While welcoming outspoken Islamists like Moroccan Mustafa El Khalfi and Malaysian Former Deputy Prime Minister Anwar Ibrahim into the U.S. on “fellowships” and as “visiting scholars,” the State Department has repeatedly denied visas to an Israeli billionaire philanthropist and ally in the U.S. War on Terror.
The State Department had no qualms admitting El Khalfi, whose Islamist activities are well documented. At the early age of 15, he joined Morocco's Islamist party Jama Islamiya, which is associated with the Muslim Brotherhood. More recently he edited Morocco's key Islamist newspaper, At-Tajdid, which condones Islamist terrorism and anti-American actions.
Likewise, the State Department found nothing wrong with Anwar Ibrahim, who co-founded the Muslim Brotherhood-affiliated and U.S., based International Institute of Islamic Thought (IIIT). Ibrahim also strongly supports the pro-Jihad doctrine advanced by Qatar-based radical Muslim cleric Yusuf Qaradawi, who is banned from the U.S.
Yet, the Israeli philanthropist, Michael Cherney, who has donated more than $20 million over the last decade to anti-terror activities and studies, and support for terror victims, has been repeatedly denied entry to the U.S. Cherney’s crime? He did not commit any. Unlike most innocent people, he was forced to prove his innocence: his business success and wealth attracted crooks who attempted to extort hundreds of millions from him. When they failed, they went on an international “smear offensive,” and even attempted to kill him.
Now Cherney has been invited next month to the U.S. to receive the first Distinguished Service Award granted by the Intelligence Summit. “The Summit's International Advisory Council includes former heads of CIA, generals, and the former Chair of British Joint Intelligence Committee.”
Cherney, owner of business conglomerates that included aluminum and communications companies, among other industries, made his fortune by buying low and selling high in the chaotic and unregulated post Soviet economies in several newly independent Eastern European states. These were the years when a new Russian oligarchy was formed by entrepreneurs willing to take the huge risks involved in the modernization and development of antiquated Soviet era industries. Not all of them were successful or honest, and some were proven to be outright criminals. Even the former Russian president Boris Yeltsin and his family were investigated for fraud and corruption.
The competition was fierce. According to Yakov Kedmi, the former head of Netiv, “an operational outlet of [the] Israeli Government in the USSR (and later in CIS) and… East Europe,” it was not uncommon to launch disinformation campaigns to besmirch business rivals, known as “compromat.”
In 1994, the Russian Mafiya threatened Cherney with compromat. This collection of corrupt political officials, police and competitors demanded a share of his profits. He refused to comply and moved to Israel in 1994. Subsequently, these criminals circulated many unsubstantiated rumors about him to the Russian media. These rumors were then picked up and recirculated by the media and others in Switzerland, England, Bulgaria, Ukraine, Monaco, Austria and Israel, among other places. He was accused of murder, but there was never a body, much less any other evidence of any kind. He was accused of drug trafficking and money laundering, but these charges proved equally false.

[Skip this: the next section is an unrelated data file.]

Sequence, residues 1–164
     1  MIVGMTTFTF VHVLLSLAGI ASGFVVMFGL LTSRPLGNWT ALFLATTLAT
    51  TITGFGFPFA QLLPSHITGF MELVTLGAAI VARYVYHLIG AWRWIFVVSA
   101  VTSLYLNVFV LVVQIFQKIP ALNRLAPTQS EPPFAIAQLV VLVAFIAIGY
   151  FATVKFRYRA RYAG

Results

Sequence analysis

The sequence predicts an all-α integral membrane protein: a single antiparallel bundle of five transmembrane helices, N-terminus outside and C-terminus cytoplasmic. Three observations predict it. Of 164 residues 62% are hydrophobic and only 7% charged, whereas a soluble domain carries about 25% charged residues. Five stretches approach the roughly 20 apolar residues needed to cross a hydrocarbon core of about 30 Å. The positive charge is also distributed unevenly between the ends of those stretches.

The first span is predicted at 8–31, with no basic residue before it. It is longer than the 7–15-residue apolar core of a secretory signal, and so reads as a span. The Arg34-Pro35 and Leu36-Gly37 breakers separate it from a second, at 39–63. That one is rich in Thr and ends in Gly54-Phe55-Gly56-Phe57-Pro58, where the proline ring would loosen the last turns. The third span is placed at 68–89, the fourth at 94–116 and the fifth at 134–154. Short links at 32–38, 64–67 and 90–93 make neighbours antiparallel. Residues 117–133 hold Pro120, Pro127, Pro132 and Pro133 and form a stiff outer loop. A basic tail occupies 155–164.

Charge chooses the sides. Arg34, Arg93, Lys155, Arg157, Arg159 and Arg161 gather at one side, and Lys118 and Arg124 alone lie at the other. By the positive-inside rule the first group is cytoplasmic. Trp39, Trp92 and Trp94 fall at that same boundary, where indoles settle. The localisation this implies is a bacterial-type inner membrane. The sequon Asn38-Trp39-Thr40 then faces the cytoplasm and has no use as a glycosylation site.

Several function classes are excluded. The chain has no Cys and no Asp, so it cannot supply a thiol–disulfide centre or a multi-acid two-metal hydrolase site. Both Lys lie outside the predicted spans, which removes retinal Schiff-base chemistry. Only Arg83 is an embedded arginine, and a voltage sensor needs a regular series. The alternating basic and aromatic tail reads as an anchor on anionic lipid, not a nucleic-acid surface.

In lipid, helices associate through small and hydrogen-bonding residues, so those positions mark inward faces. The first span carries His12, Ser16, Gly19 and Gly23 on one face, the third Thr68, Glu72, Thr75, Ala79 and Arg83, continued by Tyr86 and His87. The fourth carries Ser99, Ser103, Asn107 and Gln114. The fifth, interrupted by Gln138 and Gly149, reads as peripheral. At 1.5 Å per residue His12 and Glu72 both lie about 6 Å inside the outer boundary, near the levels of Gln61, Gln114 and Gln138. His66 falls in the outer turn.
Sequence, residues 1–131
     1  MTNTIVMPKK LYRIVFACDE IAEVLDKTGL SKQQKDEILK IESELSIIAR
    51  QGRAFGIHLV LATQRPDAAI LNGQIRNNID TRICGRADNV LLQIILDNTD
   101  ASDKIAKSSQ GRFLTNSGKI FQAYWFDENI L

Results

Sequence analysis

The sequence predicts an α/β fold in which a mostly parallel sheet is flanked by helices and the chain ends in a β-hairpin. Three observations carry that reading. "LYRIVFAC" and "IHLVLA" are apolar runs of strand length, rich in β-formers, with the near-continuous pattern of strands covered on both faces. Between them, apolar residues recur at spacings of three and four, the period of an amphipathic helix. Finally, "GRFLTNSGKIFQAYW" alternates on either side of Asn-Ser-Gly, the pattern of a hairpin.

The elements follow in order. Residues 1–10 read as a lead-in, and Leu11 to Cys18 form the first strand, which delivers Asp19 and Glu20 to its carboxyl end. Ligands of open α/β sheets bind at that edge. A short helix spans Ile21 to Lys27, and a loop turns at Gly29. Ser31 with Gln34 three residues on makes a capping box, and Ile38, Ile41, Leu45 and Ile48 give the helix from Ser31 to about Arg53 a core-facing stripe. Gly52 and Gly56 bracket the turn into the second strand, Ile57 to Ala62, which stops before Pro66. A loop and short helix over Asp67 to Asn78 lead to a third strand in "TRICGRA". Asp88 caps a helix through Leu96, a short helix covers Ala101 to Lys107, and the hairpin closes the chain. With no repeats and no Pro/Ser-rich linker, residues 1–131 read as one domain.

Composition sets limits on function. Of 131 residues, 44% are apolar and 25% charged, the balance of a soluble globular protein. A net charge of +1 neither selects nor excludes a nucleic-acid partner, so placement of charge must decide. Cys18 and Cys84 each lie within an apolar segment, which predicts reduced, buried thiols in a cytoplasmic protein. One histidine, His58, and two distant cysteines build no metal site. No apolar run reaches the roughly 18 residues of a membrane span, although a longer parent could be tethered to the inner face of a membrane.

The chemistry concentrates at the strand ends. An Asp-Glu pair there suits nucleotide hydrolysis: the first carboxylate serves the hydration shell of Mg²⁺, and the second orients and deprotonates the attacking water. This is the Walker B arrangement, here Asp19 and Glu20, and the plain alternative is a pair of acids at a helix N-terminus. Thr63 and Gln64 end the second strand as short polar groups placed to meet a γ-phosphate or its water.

When domestic law enforcement officials in these countries were challenged, some responded by saying that Cherney’s activities were so sophisticated that they were impossible to trace. But Cherney tackled the charges one by one, sued in some cases for libel, and in all cases to clear his name. He won in all of them.
Over the next several years, courts, law enforcement agencies and even Interpol exonerated Cherney of all rumored illegal activities across Europe and Israel. Only one civil—not criminal—case remains outstanding, in Israel, and most of the accusations in that case have already been dismissed. The rest of the charges are expected to be thrown out soon as well. Officials throughout Eastern Europe, Europe and Israel have legally documented, with statements and extensive evidence, that Cherney has never committed any crime - never even a traffic violation. In Bulgaria, Cherney won a libel case against those who slandered his good name.
Throughout the 1990’s the State Department was busy chasing the Russian ‘Mafiya,’ producing little to show for their efforts. Still, apparently, the State Department prefers to rely on rumors, innuendoes, and unsubstantiated fables from criminals, instead of the massive official documentation proving Cherney’s innocence.
There is ample recent evidence that both Mustafa El Khalfi, and Anwar Ibrahim support Islamist terrorism. Despite the Patriot Act and the special new requirements for extensive background checks for foreigners admitted to the U.S., however, the State Department has yet to update its information either about the anti-American activities of El Khalfi and Ibrahim, or about Michael Cherney’s obvious innocence.
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